List of MBA Colleges in Vermont

By | January 15, 2023

MBA Programs in Vermont

Welcome to the top MBA directory in Vermont. We have created the list of best Vermont business colleges that provide BBA, MBA or DBA programs. Most business schools offer full-time, part-time and executive education. Such rankings are based on the student surveys, alumni reviews, admissions profiles, employment rates, average starting salary and peer school assessment. To find out detailed information about admissions and career about each school in Vermont, just follow the link below.

Vermont is a New England state in the northeastern United States. Forests cover approximately 75% of its total land area. Vermont is the leading producer of maple syrup in the United States.[10] The state is the 6th smallest in area and the 2nd least populous of the 50 United States. It is the only New England state not bordering the Atlantic Ocean.

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Vermont [term: ʹnt], abbreviated VT, state of northeastern United States; 24,900 km2, 626,300 residents (2018).Vermont, which is one of the six New England states, is one of the smaller states in the United States, both in population and area. The capital Montpelier is also small (7,600 residents, 2016). Check abbreviationfinder for more abbreviations of Vermont as well as other acronyms that have the same abbreviation like Vermont. Visit topschoolsoflaw for top law colleges in Vermont.

Vermont Location Map

Vermont. State Map.


The Green Mountains, which are part of the Appalachians, extend through Vermont as a backbone in the north-south direction. The highest peak is Mount Mansfield, 1,339 m above sea level. The forested landscape of Vermont has been affected by the inland ice during the recent ice age, which is evident in great sea richness and in the fact that moraine is the dominant soil type. The Champlain Valley in the northwest of Vermont is a fertile lowland surrounded by low hills.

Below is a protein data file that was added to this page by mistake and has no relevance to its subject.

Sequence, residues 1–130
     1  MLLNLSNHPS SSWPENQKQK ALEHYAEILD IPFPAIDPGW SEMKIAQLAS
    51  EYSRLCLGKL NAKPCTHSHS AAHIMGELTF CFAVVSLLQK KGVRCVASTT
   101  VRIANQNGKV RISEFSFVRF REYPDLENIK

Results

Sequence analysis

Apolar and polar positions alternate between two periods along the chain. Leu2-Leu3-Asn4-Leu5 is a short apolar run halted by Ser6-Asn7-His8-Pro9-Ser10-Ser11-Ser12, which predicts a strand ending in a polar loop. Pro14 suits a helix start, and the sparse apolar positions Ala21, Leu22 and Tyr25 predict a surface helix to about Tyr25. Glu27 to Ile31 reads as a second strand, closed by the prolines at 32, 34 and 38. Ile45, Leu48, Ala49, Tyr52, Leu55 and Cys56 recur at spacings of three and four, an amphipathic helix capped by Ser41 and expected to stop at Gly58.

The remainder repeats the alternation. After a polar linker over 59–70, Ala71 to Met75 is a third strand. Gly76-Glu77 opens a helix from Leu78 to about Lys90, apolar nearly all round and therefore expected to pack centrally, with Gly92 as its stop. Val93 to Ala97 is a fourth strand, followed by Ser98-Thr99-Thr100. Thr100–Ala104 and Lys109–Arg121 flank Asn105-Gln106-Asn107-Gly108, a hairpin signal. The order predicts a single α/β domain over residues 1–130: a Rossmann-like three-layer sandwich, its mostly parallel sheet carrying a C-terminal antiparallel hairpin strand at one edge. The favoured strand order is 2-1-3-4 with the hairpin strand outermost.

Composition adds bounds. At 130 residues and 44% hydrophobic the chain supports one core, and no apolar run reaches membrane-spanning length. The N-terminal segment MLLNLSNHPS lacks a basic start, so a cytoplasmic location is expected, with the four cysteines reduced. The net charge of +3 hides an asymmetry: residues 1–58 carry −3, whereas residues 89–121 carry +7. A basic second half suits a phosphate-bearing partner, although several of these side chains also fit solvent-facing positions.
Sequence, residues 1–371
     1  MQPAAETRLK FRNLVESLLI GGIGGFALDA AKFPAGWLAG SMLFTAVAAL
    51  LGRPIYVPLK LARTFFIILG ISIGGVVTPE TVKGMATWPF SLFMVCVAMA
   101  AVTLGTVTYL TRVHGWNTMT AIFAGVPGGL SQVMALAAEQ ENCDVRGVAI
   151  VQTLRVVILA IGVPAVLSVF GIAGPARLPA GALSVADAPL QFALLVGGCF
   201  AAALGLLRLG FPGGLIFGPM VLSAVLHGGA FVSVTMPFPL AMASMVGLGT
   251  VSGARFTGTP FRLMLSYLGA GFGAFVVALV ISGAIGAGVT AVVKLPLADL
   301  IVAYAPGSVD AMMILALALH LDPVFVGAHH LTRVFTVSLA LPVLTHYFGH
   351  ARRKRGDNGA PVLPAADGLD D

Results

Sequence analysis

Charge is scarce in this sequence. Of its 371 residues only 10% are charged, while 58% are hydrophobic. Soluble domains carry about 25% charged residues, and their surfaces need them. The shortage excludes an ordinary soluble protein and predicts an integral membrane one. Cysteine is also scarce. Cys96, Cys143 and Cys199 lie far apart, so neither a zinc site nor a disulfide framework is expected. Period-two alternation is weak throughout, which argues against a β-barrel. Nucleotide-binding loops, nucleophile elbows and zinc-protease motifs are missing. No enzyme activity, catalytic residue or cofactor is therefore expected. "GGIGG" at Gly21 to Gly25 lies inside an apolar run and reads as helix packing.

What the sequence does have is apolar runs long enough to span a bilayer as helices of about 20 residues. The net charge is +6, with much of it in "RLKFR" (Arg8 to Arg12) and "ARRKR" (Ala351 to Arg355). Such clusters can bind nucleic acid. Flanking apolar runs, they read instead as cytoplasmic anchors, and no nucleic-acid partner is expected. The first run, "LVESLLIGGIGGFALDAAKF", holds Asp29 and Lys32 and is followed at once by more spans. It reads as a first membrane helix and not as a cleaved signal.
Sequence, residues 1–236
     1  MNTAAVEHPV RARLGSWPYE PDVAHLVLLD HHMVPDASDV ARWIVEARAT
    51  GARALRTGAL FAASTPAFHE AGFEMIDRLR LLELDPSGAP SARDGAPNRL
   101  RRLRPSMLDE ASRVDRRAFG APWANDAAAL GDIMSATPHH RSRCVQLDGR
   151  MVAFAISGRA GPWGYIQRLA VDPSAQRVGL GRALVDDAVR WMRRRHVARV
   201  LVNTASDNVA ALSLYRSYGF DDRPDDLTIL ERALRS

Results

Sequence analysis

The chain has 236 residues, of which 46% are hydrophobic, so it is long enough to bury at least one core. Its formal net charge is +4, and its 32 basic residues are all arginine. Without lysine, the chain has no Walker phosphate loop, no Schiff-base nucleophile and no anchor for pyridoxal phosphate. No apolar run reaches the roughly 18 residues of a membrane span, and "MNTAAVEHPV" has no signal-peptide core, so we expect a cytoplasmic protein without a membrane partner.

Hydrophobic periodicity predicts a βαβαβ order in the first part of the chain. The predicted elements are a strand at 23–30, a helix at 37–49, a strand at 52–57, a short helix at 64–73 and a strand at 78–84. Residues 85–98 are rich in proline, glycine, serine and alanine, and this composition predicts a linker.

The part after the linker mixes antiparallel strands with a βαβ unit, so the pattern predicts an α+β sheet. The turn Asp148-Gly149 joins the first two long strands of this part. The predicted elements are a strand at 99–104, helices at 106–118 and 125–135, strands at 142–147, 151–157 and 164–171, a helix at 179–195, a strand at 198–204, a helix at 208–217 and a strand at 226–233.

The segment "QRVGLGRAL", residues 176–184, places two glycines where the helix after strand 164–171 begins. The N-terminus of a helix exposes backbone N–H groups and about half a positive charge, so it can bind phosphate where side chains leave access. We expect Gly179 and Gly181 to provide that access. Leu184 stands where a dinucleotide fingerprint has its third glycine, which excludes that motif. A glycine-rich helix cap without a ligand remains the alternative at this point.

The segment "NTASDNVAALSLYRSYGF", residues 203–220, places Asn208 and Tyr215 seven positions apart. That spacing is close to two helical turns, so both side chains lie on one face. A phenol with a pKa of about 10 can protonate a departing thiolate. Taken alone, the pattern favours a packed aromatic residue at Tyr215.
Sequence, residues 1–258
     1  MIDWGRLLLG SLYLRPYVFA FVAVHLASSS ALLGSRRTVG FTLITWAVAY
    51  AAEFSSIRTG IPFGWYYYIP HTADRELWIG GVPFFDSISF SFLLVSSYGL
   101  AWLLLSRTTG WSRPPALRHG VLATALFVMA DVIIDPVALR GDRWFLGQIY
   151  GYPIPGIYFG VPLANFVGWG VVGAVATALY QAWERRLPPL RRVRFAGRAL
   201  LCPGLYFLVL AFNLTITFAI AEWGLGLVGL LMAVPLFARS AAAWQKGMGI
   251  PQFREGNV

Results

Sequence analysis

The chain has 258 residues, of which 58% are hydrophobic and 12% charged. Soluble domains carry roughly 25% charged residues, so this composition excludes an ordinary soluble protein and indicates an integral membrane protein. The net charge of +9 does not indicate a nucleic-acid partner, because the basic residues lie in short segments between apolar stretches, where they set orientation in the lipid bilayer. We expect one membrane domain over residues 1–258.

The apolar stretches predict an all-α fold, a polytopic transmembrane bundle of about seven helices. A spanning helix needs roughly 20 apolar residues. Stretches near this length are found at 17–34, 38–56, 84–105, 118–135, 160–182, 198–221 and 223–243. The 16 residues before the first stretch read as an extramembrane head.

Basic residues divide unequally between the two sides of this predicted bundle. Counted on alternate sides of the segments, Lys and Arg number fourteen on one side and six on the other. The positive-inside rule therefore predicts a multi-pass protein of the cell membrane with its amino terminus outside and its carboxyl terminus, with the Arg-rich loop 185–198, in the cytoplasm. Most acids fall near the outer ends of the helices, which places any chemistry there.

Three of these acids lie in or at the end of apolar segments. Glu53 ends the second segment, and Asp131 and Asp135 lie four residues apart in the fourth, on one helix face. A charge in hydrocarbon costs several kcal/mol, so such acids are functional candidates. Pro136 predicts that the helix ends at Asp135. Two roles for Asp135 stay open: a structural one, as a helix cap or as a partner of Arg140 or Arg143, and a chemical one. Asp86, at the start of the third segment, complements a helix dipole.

Vermont Sight

Vemont. Champlain Valley at Lake Champlain.

The climate is continental. The average temperature in Burlington on Lake Champlain is −7 °C in January and 20 °C in July. The annual rainfall here is about 800 mm but increases in the higher, snow-rich parts of the Green Mountains.


Vermont’s population is growing at about the same rate as in the US as a whole. Almost the entire population is white and of mixed European origin. A small minority have French as their first language, for example in the border regions against Canadian Quebec. One third of residents live in cities, the largest of which is Burlington (42,500 residents, 2016). See towns in Vermont.

Vermont Population


Agriculture’s most important products are milk and other dairy products for Boston and New York. During the 1990s, the number of organic cultivation has increased sharply in the state. Vermont is the United States’ largest producer of maple syrup. Forest covers over 75 percent of the area. The wood and paper industry is important, while the previously so significant textile industry has almost ceased and has to some extent been replaced by the graphic and electronic industry. Vermont is known for its quarrying and processing of stone, for example granite in Barre (near Montpelier), marble in Proctor (near Rutland) and slate.

Vemont. The granite quarry in Barre.